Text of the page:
India on Wednesday said it had successfully obtained a stay against the execution of former Indian Navy officer Kulbhushan Jadhav, who was arrested by Pakistan on March 3, 2016 on charges of spying and was subsequently sentenced to death by a martial court in April.
India has maintained that Pakistani charges against Jadhav, that he indulged in espionage for the Research and Analysis Wing, were a lie and that he had not received proper legal representation when he was sentenced to death. The Ministry of External Affairs has said that Jadhav was kidnapped in Iran by Pakistani forces when he was on a business engagement after retiring from the Navy.
As a last-ditch effort to save his life, India has now approached the International Court of Justice. But as we would see in this explainer, even a favourable order from the court may not be enough to save his life, given the complex equations that exist in the United Nations and India’s lack of leverage in the United Nations Security Council.
What is the International Court of Justice?
Located in The Hague in Netherlands, the International Court of Justice is the primary judicial organ of the United Nations. Like the UN, the court is the creation of the circumstances that prevailed at the end of the second world war in 1945 when it was deemed necessary to create a body that would adjudicate on certain matters involving two or more member states. All 193 members of the UN are automatically members of the International Court of Justice. The court has 15 judges, drawn from different countries. In the current batch with its tenure till 2018, the lone Indian judge is Dalveer Bhandari, a former judge of the Supreme Court.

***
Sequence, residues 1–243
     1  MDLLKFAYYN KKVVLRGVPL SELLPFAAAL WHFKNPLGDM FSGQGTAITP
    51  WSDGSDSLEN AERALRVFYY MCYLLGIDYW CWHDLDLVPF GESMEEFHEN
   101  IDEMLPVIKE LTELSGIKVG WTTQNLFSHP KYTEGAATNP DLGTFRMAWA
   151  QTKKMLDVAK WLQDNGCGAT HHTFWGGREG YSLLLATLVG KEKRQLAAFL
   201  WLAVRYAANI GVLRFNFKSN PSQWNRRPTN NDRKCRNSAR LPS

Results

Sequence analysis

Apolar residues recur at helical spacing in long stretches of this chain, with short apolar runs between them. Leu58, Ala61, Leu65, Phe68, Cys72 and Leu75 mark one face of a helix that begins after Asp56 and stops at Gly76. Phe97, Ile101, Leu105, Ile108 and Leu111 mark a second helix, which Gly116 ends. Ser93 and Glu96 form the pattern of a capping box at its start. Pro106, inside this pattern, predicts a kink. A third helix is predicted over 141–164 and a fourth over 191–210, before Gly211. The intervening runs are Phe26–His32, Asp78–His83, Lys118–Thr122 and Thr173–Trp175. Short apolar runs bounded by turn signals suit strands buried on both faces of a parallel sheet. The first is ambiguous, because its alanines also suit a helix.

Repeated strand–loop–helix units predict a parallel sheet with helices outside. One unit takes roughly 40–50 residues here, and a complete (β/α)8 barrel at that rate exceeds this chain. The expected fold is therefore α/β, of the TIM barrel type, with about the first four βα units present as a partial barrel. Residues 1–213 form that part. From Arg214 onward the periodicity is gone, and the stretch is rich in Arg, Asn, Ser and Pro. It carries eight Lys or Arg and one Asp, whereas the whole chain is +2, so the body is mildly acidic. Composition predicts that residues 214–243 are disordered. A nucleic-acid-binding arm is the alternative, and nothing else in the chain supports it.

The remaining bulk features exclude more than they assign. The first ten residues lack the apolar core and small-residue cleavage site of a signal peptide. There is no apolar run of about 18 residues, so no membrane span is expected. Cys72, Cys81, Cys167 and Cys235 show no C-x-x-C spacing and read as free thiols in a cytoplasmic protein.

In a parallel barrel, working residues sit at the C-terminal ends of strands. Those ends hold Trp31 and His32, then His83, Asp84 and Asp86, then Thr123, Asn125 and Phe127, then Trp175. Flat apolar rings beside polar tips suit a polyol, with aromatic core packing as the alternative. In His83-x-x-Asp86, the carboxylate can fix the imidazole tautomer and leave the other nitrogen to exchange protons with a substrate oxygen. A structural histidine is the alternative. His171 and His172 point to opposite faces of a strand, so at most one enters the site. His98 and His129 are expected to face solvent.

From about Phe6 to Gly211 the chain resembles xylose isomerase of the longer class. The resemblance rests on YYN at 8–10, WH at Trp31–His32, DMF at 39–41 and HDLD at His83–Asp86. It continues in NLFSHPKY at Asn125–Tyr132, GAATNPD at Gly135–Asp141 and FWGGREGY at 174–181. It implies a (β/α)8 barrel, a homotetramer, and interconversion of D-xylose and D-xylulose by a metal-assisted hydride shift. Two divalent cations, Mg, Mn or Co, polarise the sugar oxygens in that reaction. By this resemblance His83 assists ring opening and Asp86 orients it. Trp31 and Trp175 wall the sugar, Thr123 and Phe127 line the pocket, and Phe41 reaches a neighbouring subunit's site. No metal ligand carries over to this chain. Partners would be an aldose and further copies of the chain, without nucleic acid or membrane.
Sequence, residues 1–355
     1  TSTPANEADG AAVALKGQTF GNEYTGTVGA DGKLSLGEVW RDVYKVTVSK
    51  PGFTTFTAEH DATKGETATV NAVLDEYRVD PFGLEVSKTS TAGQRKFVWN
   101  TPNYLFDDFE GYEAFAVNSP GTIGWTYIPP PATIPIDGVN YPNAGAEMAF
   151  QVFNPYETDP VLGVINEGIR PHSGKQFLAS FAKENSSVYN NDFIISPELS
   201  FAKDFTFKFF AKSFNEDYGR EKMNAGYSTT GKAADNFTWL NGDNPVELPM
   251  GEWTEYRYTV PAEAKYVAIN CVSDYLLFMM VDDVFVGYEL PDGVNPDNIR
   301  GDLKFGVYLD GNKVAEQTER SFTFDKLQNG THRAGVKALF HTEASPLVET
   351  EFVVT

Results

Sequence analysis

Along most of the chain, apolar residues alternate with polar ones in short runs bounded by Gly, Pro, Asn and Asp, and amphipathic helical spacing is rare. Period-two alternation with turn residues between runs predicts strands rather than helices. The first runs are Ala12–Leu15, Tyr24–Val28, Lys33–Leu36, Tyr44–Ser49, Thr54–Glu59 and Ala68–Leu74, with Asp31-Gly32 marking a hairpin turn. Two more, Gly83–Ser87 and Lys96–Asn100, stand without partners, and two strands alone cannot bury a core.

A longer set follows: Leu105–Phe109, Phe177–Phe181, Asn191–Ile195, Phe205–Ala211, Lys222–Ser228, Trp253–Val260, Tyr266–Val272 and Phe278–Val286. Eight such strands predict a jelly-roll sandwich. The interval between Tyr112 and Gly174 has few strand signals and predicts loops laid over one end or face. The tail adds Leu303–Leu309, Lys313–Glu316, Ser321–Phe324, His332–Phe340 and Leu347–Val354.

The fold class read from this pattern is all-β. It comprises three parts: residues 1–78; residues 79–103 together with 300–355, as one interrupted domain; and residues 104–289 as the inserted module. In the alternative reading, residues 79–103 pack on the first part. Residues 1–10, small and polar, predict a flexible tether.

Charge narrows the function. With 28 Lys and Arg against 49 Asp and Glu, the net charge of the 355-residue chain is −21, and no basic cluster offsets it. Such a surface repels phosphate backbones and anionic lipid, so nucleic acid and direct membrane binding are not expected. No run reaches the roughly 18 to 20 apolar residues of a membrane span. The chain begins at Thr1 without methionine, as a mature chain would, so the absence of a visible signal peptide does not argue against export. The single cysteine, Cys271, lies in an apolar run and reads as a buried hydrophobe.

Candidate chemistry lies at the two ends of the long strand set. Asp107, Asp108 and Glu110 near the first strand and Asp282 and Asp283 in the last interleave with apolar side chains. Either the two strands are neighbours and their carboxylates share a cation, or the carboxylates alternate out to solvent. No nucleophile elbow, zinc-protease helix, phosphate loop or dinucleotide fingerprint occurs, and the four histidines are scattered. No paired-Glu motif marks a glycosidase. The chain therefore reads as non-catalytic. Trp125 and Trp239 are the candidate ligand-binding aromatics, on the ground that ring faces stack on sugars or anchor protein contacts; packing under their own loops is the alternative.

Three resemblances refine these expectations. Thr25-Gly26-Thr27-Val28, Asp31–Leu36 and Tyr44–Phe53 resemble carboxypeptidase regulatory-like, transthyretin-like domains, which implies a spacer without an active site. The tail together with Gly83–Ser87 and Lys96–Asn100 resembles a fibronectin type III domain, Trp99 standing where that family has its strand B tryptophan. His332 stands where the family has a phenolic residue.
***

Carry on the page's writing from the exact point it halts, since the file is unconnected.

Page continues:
What is the ICJ’s jurisdiction?
There are two types of matters that the ICJ deals with: Contentious issues and advisory opinions. India’s application in the Jadhav case falls under the contentious issues category, where the ICJ is called upon to adjudicate on adversarial disputes between two member states.
There are two ways the ICJ could intervene. Either the member states agree to its jurisdiction and come before it for adjudication on a specific matter, or disputes which fall under some international convention which makes the ICJ an arbiter. In the Jadhav case, India has invoked the Vienna Convention of 1961 to push the case of Jadhav.
Apart from being automatic members of the ICJ due to their membership in the UN, India and Pakistan expressively consented to ICJ’s jurisdiction in 1974 and 1960 respectively.
What is India’s case before the ICJ?
India has approached the ICJ accusing Pakistan of failing to provide consular access to Jadhav, which it believes undermined the very process of his trial as he was not offered proper legal aid. This, India feels, is a clear violation of the Vienna Convention of Consular Relations. India made 16 requests for such access to Pakistan, which have all been denied. It has also accused Pakistan of not informing it about Jadhav’s arrest till very late into the trial.
Are ICJ’s orders binding?